What is price discrimination?
Price discrimination or yield management occurs when a firm charges a different price to
different groups of consumers for an identical good or service, for reasons not associated with
It is important to stress that charging different prices for similar goods is not pure price
We must be careful to distinguish between price discrimination and product differentiation –
differentiation of the product gives the supplier greater control over price and the potential to
charge consumers a premium price because of actual or perceived differences in the quality /
performance of a good or service.
Conditions necessary for price discrimination to work
Essentially there are two main conditions required for discriminatory pricing
o Differences in price elasticity of demand between markets: There must be a different
price elasticity of demand from each group of consumers. The firm is then able to charge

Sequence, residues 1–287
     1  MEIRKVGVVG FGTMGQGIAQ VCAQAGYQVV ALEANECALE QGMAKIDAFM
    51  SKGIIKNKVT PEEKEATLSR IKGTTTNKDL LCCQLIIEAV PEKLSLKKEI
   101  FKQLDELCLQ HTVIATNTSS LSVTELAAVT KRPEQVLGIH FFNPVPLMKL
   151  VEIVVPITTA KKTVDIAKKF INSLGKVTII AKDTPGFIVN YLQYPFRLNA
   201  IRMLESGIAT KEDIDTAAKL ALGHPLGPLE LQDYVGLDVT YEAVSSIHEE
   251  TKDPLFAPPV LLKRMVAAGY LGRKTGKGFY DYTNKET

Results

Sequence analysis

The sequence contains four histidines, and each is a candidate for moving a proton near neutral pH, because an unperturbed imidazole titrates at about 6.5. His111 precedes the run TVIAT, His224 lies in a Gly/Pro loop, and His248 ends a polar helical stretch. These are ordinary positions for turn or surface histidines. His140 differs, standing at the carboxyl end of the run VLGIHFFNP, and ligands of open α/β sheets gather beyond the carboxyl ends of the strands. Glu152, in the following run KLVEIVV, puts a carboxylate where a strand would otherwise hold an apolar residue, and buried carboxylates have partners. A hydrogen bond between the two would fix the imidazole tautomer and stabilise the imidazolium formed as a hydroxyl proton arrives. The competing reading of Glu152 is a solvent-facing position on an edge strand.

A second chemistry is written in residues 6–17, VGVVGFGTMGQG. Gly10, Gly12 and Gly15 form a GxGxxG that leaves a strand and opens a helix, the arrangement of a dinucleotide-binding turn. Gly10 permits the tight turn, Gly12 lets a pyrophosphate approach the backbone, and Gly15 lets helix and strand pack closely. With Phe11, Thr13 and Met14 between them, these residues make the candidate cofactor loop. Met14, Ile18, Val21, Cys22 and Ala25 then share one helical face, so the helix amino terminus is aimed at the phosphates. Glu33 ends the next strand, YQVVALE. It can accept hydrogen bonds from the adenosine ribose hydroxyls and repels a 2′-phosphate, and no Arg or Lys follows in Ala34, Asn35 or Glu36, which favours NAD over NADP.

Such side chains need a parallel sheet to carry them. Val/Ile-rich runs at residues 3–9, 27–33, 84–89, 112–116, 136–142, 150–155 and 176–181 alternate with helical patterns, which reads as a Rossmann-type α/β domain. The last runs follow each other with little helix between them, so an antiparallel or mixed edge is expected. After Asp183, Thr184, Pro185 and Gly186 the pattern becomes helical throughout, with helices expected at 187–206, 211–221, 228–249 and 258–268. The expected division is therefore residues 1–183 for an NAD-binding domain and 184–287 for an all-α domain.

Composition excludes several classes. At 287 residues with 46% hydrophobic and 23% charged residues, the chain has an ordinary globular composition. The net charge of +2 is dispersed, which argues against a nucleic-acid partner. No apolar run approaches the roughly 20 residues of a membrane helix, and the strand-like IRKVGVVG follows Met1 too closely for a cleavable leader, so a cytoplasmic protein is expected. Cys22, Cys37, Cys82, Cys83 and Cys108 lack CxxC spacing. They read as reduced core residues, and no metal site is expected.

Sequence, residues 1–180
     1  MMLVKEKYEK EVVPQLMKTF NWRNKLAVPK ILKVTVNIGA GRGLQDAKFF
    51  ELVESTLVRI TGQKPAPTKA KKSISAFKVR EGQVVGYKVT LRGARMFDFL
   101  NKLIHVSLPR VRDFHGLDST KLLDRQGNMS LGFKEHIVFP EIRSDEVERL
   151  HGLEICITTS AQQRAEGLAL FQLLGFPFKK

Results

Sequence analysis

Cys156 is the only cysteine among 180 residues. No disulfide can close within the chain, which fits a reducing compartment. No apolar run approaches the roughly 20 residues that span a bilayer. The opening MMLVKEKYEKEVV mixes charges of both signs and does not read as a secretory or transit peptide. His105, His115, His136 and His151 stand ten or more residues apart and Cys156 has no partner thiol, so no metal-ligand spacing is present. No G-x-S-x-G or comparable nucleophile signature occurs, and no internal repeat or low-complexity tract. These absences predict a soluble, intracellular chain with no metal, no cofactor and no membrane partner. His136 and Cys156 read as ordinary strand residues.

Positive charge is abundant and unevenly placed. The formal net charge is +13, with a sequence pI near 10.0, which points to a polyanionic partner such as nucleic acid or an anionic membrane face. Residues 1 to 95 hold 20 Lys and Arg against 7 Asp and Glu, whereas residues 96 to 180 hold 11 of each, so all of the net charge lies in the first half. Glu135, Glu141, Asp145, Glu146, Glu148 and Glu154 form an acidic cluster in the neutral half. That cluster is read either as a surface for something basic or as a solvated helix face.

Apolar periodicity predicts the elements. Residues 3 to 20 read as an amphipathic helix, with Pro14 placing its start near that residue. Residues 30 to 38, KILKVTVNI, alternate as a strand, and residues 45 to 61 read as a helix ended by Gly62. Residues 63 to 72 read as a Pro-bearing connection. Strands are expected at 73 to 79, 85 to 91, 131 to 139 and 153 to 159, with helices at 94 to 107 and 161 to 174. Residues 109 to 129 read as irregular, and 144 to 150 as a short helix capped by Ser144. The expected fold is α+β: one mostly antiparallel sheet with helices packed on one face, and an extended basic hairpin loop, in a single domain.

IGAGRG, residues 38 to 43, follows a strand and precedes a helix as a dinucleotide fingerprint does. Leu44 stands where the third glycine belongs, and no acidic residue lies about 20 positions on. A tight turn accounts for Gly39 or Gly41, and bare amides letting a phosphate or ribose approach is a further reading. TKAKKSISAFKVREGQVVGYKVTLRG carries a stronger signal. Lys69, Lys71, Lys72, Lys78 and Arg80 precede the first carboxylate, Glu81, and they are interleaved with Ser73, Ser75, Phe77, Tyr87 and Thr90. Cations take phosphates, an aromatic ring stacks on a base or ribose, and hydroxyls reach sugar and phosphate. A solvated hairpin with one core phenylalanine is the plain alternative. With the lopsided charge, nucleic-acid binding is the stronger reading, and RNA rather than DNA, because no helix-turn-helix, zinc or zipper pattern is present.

a higher price to the group with a more price inelastic demand and a relatively lower
price to the group with a more elastic demand. By adopting such a strategy, the firm can
increase its total revenue and profits (i.e. achieve a higher level of producer surplus). To
profit maximise, the firm will seek to set marginal revenue = to marginal cost in each
separate (segmented) market.
o Barriers to prevent consumers switching from one supplier to another: The firm
must be able to prevent “market seepage” or “consumer switching” – defined as a
process whereby consumers who have purchased a good or service at a lower price are
able to re-sell it to those consumers who would have normally paid the expensive price.
This can be done in a number of ways, – and is probably easier to achieve with the
provision of a unique service such as a haircut